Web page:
• The game is likely to start off with a flurry of posts, and then slow down over time. Be prepared for this, and try to make sure it doesn't slow down too much. One thing we've found helpful in Base Camp is having the occasional "right, let's get everyone doing things again" where the post rate picks up again.

Another thing that can kill games is player conflicts - people get annoyed, and then someone gets fed-up and walks out.

  • Try to be patient, and avoid assuming people are acting with bad intent. People will forget what was said a month ago, misread something or work off different assumptions and playstyles. If you're angry, wait until you've calmed down to post. Don't insult people, either directly or by implication, and expect civil behaviour of your players too.
  • When accepting players, consider being slightly selective. Some people's playstyles and character types don't work well with specific other people's play styles and character types. Some just don't work well with anyone. If you know that someone will drive you up the wall, don't have them in your game. You can often get an idea of this by looking at past PBP games, although that doesn't help with people new to the forum, where you'll just usually have to take the chance.
  • Don't make things a total democracy. Give players a chance to make their points, and listen to them, but then make your decision and move on. Bogged down arguments make nobody happy.
  • Be prepared to ask people to leave the game, but don't do it on a hair trigger.

@Salutor it sounds like you've played your fair share of games. This is excellent advice!

May I recommend this ancient thread covering this topic?

Salutor neatly sums up a lot of problems. I've experienced games struggling to get off the ground from everyone arguing about covenant design. I've also seen games suffer from people really not getting the original SG's vision and not buying in.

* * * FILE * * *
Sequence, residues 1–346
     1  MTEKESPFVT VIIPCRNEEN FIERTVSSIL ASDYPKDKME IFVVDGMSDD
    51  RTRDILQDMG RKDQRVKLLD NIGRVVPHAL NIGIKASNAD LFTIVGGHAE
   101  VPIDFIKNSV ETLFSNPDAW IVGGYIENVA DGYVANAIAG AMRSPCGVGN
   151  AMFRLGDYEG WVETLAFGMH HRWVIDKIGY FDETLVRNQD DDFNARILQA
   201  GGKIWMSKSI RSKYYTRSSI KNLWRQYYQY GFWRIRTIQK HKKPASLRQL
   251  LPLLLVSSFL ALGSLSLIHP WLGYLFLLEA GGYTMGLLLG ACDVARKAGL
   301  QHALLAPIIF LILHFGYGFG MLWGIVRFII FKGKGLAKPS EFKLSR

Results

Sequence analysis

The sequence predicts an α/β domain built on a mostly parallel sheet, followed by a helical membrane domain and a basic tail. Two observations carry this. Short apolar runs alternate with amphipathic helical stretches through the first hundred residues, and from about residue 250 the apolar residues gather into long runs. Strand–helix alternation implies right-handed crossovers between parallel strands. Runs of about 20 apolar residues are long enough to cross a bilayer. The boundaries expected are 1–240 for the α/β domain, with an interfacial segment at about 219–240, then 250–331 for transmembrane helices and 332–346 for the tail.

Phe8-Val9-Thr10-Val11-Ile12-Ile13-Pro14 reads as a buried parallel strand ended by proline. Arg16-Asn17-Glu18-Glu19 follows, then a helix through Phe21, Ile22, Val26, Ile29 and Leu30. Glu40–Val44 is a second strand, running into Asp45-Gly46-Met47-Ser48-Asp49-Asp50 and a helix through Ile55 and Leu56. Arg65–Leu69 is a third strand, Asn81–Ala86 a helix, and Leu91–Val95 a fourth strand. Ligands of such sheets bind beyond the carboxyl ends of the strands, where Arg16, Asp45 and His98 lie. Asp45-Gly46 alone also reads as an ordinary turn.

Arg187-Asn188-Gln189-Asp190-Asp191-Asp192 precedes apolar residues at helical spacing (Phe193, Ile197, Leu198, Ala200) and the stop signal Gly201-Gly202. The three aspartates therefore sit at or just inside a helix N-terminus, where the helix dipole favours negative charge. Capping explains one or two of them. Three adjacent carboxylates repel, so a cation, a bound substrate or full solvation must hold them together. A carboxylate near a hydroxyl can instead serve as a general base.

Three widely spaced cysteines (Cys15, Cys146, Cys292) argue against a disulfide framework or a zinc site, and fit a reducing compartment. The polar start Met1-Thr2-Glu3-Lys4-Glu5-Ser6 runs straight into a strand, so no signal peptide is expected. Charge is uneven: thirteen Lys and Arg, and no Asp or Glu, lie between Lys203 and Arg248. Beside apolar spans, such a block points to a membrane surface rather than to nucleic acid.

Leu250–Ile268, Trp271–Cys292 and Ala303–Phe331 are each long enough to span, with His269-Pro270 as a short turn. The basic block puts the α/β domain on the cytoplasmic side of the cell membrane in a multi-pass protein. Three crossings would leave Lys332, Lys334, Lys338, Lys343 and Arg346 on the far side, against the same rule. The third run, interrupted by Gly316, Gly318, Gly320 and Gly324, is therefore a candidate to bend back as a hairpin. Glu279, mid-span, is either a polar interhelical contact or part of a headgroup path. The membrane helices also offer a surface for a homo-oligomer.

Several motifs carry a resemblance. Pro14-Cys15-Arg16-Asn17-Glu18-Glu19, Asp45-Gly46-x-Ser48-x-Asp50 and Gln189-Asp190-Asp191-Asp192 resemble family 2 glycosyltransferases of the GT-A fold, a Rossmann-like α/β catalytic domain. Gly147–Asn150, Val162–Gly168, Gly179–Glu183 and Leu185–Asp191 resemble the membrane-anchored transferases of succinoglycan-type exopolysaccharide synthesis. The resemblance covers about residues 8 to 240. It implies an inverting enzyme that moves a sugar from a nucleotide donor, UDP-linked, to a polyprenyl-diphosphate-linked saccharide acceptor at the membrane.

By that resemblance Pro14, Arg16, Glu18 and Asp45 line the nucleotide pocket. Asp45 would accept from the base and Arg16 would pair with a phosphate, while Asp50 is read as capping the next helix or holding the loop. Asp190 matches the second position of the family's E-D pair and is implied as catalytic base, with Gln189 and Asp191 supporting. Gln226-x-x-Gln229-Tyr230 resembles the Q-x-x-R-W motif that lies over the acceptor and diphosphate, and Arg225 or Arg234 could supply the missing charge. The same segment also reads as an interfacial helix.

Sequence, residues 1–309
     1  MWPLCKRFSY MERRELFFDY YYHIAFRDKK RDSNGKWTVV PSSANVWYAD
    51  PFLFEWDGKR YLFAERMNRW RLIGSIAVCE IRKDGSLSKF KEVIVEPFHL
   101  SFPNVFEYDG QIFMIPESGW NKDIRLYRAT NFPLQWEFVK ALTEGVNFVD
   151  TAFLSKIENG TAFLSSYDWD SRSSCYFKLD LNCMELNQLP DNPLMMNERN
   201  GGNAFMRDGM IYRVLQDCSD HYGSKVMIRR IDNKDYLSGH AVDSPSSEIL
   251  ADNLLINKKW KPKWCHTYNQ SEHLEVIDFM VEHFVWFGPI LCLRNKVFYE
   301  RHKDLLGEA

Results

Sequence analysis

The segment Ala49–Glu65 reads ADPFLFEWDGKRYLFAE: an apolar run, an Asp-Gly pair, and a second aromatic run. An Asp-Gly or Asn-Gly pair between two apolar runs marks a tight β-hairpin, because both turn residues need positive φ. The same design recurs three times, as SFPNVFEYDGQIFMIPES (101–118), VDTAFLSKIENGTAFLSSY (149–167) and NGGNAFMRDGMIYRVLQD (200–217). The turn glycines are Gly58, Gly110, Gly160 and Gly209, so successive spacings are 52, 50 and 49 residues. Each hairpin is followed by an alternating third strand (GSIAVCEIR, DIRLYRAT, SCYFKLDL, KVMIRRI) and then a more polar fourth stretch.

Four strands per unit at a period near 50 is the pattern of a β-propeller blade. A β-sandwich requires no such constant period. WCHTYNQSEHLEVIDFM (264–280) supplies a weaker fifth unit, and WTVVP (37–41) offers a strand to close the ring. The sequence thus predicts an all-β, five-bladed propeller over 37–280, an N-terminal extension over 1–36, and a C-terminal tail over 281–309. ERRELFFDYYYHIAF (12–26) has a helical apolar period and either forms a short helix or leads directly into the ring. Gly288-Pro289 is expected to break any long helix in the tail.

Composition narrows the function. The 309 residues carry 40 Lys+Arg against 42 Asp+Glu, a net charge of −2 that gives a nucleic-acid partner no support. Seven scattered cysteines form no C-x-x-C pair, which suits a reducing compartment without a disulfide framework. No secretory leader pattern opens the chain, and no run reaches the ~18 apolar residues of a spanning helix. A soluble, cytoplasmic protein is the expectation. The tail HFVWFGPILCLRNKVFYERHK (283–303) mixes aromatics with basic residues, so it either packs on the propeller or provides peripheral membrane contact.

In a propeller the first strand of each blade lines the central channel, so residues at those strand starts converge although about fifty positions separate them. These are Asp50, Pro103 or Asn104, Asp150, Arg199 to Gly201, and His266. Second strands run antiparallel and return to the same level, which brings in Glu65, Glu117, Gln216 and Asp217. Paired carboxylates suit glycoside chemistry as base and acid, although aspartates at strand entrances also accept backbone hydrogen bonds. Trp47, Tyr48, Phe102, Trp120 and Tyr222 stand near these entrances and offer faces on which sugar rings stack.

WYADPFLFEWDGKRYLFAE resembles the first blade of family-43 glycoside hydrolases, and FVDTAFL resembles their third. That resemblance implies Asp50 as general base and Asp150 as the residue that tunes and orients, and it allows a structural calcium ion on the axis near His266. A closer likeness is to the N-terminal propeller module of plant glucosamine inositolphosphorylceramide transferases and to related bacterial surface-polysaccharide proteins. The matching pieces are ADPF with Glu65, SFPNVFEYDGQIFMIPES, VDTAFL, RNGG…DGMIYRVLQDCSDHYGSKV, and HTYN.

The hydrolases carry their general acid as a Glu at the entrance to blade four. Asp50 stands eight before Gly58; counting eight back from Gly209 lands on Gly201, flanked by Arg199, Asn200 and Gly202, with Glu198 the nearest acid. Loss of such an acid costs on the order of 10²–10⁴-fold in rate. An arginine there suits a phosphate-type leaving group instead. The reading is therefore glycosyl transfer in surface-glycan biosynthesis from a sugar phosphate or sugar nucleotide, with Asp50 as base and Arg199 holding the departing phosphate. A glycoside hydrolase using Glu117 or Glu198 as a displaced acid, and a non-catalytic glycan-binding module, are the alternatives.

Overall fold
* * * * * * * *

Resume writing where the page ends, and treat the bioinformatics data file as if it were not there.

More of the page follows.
As there are always a few people desperate to play Ars, but games accepting players come and go infrequently, any new game faces a lottery as to whether it gets a big amount of interest from people who like the SG's idea or whether the only interest is from people who just want to play any kind of Ars.

House rules - it seems no two troupes play AM the same, and every spell is open to interpretation. I'm convinced that people must be very polite face-to-face as I never get arguments around the table as heated as people do online.

The two biggest pieces of advice I can come up with are prepare to lose a lot of players (happened in every PbP I've seen) and the more you detail the setup, the more people will know if the game is right for them or not.

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SO ANCIENT! Kryslin and Tuura are forum legends lost to the mists of time. I played a PbP game with them when I was a teenager back in the early 00's.

@Salutor already covered most of this but if I had to summarize the most important part would be, consistency.

Imagine doing all the setup & having players joining & forming the covenant, only for it to meet its demise a few months afterward. Then another thread opens up & the whole thing happens again & again...Especially in a game such as Ars Magica where it takes some time for things to build up, this can be devastating.

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This is a helpful thread! Keep advice coming please as a new pbp sg I appreciate your help

I came across this on reddit:

Since I have failed at running 2 PbP I will give my thoughts.

The failures are all mine. Running a PbP is much like trying a creative write challenge where you need to write something several times a week. I find I am pretty bad at that as I need time to mull over some responses. Sometimes I do not feel like writing which is really not helpful.

Time was my most pressing issue. In a table top game I would have a week to prepare for each session. PbP is always on and always moving. If you take a week off you might lose players. 2 weeks can be death for a campaign.